Researching and selecting an engineering firm
Q: We need to revamp our production line because we're developing new products and increasing production dramatically. We're considering hiring an engineering firm to design the line for us. How do we go about finding a firm to work with?
Hiring an engineering firm is similar to hiring a new employee. You must do your homework, know what you want, advertise, and communicate your expectations. The following guidelines will help you research and select an engineering firm:
Know what you want
Just like you would when hiring a new employee, make sure you understand what you really want from the candidate and have a good understanding of the job description (project mandate) for which you're hiring. Determine whether the work will involve engineering only or whether it will include procurement and construction management.
Once you've determined your project needs (engineering, procurement, construction management, or a combination of these), begin your search systematically.
Search as you would for an employee
How you advertise your project is similar to how you would advertise for an employee. First, determine whether you want the firm you work with to be nationally or locally based. Next, conduct internet research of engineering firms using keywords related to your proposed project. Include social networking sites such as LinkedIn. Consider approaching firms that you've worked with before, because you may be more comfortable working with a firm that you've had a positive experience with in the past.
Another approach is to request recommendations from your industry peers. Check peer company websites for public information regarding current projects and engineering partners. If you really want a particular firm because of its expertise or some other criteria but it's missing one capability, consider having it subcontract that component, resulting in two firms working on the project in their respective areas.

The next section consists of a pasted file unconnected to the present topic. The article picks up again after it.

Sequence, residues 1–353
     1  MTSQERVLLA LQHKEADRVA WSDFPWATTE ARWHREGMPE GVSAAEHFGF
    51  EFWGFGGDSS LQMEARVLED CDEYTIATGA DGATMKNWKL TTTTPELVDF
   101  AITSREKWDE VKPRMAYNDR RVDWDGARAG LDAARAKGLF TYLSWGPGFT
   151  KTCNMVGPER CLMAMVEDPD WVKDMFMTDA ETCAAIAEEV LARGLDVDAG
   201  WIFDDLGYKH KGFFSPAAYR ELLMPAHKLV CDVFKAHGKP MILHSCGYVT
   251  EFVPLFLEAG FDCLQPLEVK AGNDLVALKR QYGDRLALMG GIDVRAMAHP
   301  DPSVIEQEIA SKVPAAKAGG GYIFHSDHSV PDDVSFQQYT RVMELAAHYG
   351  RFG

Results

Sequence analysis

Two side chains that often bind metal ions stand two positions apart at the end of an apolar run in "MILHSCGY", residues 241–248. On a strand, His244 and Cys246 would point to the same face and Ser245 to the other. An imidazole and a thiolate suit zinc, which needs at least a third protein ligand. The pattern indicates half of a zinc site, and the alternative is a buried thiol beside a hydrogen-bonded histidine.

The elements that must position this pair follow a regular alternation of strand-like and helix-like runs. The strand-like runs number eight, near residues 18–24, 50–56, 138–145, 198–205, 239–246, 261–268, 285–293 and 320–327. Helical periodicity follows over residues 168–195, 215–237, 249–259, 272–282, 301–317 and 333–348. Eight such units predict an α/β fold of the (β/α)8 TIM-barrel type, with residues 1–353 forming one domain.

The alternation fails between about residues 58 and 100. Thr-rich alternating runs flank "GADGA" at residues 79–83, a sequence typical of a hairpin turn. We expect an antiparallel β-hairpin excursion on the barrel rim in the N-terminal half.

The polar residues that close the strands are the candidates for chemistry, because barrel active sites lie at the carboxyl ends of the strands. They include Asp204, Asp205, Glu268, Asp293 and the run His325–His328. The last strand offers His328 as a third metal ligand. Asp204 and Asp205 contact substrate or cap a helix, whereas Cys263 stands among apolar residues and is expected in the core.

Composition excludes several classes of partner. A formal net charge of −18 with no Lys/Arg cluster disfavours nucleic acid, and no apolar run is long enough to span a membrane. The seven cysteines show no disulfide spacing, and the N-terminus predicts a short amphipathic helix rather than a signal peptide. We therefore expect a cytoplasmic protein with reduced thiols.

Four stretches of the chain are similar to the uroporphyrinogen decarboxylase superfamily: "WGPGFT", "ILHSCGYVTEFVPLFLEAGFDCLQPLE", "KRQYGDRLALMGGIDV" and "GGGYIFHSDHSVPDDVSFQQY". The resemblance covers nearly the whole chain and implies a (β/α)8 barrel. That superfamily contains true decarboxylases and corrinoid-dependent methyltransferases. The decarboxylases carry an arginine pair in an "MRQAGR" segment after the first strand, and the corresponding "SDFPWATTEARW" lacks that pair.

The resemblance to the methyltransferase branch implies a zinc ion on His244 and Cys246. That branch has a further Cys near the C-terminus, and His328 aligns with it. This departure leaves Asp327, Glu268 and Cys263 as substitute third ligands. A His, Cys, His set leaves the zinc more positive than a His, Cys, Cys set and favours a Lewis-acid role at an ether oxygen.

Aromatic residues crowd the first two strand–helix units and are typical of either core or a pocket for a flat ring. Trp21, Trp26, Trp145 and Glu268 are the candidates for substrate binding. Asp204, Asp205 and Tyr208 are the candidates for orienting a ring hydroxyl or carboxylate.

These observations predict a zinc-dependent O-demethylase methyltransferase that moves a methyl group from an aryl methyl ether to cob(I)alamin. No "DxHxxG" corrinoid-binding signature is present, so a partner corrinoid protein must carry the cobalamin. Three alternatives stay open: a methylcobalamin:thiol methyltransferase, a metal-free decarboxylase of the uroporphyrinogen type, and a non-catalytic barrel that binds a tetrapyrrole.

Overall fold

Hiring professional engineering services isn't the same as choosing a widget supplier. You understand the need for technical supply specifications and performance criteria when buying widgets, but perhaps you should think along the same lines for hiring professional engineering services.
Interview the candidate
Just as you would with a potential employee, meet the actual engineers who will be working on the project to ensure compatibility, because you'll likely be spending a significant amount of time together as a team. You’ll also want to determine that the firm has the capabilities you need. If you’re spending $1 billion on your project, for example, you'll want a service provider who has systems in place to help manage a project that size. You'll also want to verify that your project won't compete for resources with any of the firm's other concurrent or upcoming projects.
Watch out for the old "bait and switch." This is when a firm promises to have a particular person on the team but once the project is awarded, that individual is no longer available. However, you must be reasonable about your expectations. If the proposal-to-purchase-order duration is 18 months, it's unlikely that you'll retain the same team, you interviewed when evaluating the proposal.
Check the firm's resume
Once you've selected a candidate, review the firm's resume, including the portfolio summaries of completed projects. Not only should you check the firm's resume, but also those of the key engineers and project manager who are assigned to the project.
Call the references
Finally, take an important tip from your human resources department by calling the firm's references. This is a critical step in selecting the right firm for your project. You may have a candidate that has an impressive interview and project history, but once you talk to the firm’s former clients, you may find that they were difficult to work with, had difficulty adhering to the schedule or budget, or had some other significant issue.
All this research will take time and effort, but it's time well spent. Just like hiring an employee, you would take a more thorough approach when hiring someone to build your house than when hiring a kid to mow your lawn.
The Professional Engineers of Ontario offers the publication Guideline for the Selection of Engineering Services
on this topic. This resource offers a good basis for engineering services selection. To read this publication, click here
. Check with your engineering jurisdiction for similar resources.
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